(Bloomberg) -- A slow-going Senate debate over a broad $550 billion infrastructure package spilled into Sunday, with lawmakers unable to agree on which final key changes to consider.

Amendments still on the table include proposals for new cryptocurrency rules and flexibility for states and localities that choose to use some unspent pandemic relief funds for roads and bridges.

The infrastructure infusion, a cornerstone of President Joe Biden’s agenda, is on course to clear the chamber. But it hit speed bumps that also included the refusal of at least one Republican senator, Bill Hagerty of Tennessee, to allow the unanimous agreement needed to speed past hours and hours of remaining debate.

Hagerty is among a cluster of Republicans who oppose the bill because it will be followed by a Democratic effort to push through without Senate GOP backing a more expansive $3.5 trillion measure entailing the rest of Biden’s economic agenda.

“I’m not inclined to expedite this process whatsoever,” Hagerty said on Saturday.

The Senate did edge the infrastructure legislation past one of its final procedural hurdles on a 67-27 vote on Saturday, but agreement on a last batch of amendments was elusive. Senators left the Capitol without the expected flurry of votes over final finishes to the bill.

One GOP Senator, John Cornyn of Texas, declared “impasse!” as he left the Senate for the day, although Majority Leader Chuck Schumer said talks would continue overnight and before the Senate reconvenes at noon Sunday.


Senators in both parties were still working late Saturday to resolve a dispute over two dueling amendments to modify a provision dealing with reporting requirements for cryptocurrency transactions and tax collection. The bipartisan group that drew up the legislation was counting on the extra tax revenue generated to help pay for some of the bill’s costs.

Senate Finance Chairman Ron Wyden, a progressive Democrat, teamed up with conservative Republicans Pat Toomey and Cynthia Lummis in working with the cryptocurrency industry to draft changes to narrow those affected by the reporting requirements. It would exclude entities such as miners, software designers and protocol developers from the groups that need to report data to the Internal Revenue Service.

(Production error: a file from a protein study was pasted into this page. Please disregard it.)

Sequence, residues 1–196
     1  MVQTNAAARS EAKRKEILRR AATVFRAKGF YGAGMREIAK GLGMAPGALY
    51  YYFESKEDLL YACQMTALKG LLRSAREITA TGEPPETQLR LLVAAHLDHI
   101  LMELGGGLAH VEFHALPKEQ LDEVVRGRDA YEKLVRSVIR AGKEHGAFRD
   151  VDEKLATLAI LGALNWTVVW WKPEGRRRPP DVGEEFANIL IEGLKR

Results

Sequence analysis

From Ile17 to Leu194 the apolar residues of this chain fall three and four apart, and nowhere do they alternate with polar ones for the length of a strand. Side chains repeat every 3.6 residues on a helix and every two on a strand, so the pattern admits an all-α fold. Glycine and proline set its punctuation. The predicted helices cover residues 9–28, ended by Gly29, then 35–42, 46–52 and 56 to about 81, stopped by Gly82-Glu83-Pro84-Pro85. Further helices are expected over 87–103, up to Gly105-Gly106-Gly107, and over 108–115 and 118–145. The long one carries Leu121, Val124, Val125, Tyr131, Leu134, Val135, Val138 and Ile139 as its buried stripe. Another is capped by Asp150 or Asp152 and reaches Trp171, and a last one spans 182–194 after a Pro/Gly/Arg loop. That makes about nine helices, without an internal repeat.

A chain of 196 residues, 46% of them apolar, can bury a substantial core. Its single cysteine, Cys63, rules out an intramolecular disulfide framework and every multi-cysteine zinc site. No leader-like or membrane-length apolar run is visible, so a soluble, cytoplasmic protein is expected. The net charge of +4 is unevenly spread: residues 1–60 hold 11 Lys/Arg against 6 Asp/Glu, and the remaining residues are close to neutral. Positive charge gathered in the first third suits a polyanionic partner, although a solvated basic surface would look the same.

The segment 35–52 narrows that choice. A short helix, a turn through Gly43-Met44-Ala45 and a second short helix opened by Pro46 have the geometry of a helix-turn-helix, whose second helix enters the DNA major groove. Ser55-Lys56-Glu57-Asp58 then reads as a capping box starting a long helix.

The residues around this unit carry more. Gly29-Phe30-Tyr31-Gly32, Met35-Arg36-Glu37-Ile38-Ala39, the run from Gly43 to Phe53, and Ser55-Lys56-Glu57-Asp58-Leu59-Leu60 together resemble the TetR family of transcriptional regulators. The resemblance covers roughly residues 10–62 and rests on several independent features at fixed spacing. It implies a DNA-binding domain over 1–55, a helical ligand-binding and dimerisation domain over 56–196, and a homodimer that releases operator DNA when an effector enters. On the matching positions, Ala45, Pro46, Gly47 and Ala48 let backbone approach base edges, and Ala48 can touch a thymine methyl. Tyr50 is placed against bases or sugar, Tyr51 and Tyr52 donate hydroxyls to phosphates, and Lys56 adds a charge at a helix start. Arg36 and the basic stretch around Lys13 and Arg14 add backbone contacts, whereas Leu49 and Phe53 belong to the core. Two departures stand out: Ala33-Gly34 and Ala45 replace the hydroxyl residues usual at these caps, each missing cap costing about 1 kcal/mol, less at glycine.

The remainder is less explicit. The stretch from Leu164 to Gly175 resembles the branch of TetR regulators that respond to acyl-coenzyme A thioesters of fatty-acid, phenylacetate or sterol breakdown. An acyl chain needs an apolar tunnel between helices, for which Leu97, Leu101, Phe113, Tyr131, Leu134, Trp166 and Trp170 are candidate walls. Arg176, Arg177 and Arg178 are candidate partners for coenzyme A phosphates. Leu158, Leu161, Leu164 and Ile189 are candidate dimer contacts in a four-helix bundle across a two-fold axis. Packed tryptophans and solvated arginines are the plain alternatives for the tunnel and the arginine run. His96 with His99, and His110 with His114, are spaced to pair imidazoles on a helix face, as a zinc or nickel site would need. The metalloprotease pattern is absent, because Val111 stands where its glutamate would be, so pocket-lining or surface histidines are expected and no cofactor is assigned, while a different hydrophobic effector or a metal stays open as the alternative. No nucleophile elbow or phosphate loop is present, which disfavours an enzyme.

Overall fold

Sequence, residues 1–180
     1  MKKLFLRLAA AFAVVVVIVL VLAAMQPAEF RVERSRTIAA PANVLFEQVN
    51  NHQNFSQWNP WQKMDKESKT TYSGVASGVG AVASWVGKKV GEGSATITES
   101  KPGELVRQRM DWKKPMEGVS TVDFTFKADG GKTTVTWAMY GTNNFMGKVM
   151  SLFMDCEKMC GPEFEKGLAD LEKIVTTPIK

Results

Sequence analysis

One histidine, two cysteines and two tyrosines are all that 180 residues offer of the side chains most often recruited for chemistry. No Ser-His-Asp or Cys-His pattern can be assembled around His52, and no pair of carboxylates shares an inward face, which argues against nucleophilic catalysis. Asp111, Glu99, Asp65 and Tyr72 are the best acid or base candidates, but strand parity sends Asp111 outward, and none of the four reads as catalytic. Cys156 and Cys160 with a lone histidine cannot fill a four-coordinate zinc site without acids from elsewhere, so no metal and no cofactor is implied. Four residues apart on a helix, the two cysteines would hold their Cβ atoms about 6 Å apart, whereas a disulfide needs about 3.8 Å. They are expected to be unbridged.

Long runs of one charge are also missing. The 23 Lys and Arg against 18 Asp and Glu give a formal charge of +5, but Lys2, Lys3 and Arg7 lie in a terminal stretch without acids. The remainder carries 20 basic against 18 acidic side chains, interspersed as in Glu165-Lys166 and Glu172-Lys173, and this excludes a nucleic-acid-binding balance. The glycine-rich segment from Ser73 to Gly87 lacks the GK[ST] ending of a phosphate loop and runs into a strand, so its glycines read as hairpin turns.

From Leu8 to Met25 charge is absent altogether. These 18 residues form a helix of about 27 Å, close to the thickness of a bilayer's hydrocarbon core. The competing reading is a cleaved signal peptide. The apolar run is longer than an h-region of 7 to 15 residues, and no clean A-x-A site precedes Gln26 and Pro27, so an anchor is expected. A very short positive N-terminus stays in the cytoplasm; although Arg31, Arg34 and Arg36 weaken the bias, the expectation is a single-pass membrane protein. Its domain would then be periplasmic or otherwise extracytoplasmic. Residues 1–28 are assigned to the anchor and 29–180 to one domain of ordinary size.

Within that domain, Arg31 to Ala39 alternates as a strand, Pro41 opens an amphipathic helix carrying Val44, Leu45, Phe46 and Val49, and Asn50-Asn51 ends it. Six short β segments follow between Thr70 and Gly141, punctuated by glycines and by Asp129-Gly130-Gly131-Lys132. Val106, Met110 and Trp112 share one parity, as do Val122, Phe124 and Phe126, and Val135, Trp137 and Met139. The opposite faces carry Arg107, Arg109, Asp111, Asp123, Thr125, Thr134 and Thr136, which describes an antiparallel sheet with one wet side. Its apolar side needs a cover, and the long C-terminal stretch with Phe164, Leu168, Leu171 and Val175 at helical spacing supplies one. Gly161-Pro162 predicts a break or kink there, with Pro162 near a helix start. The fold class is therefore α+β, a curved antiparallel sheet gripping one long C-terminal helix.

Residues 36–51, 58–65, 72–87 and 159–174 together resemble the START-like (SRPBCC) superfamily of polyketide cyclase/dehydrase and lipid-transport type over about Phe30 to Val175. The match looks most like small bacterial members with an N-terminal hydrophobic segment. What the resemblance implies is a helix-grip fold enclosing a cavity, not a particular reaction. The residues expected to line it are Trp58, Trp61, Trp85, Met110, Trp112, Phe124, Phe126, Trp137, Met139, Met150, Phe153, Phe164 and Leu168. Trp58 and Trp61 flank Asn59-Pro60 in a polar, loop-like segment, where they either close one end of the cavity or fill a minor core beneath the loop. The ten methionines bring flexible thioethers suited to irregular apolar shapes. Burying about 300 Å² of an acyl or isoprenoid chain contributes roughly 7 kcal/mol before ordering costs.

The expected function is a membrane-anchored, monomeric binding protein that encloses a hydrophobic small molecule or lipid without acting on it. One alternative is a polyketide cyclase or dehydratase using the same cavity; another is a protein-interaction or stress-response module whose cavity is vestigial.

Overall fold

But Senator Rob Portman, a Republican, and Democrats Mark Warner and Kyrsten Sinema -- three key players in negotiating the infrastructure legislation -- proposed an 11th-hour alternative endorsed by the White House. It would target some software companies and cryptocurrency miners.

On Saturday, the sponsors of the competing amendments huddled to discuss a compromise.

Toomey said the talks weren’t immediately fruitful.

“I don’t know how it’s going to work out. We’re working on it,” the Pennsylvania Republican said.

Meanwhile, Cornyn is pressing for the Senate to vote on his amendment that would allow state and local governments to use up to 30% of their unspent Covid relief funds on infrastructure projects. Cornyn said his proposal, sponsored with Democratic Senator Alex Padilla, could free up between $80 billion and $100 billion for projects.

He pleaded with other senators on Saturday to allow consent needed to vote on the proposal considered “non-germane” under Senate rules.

“This money is readily available and does not add to the deficit or debt, but merely provides them with flexibility,” Cornyn said.

Crawling Pace

Hagerty’s objection to speeding up debate underscored how a single senator can use the chamber’s arcane rules to force the Senate to move at a crawl. He may have another chance to do so beginning Sunday night.

The Senate still has one more procedural vote to wrap up debate and move toward final passage -- but that comes only after another 30 hours of debate unless he along with everyone else agrees to drop that time.

Lack of agreement to move things ahead risks pushing final passage into early Tuesday. After that, Senate Democrats will begin a days-long debate over the fiscal blueprint underpinning the $3.5 trillion economic plan before lawmakers leave for an August recess.

The infrastructure bill includes $110 billion in new spending for roads and bridges, $73 billion for electric grid upgrades, $66 billion for rail and Amtrak, and $65 billion for broadband expansion. It also provides $55 billion for clean drinking water and $39 billion for transit.

The legislation still faces challenges in the House, where Democrats can afford only three defectors if Republicans vote in unison against the bill. Speaker Nancy Pelosi reaffirmed Friday that the House won’t take up the infrastructure legislation until the Senate also passes the more sweeping economic package, a linkage demanded by progressives in the chamber.

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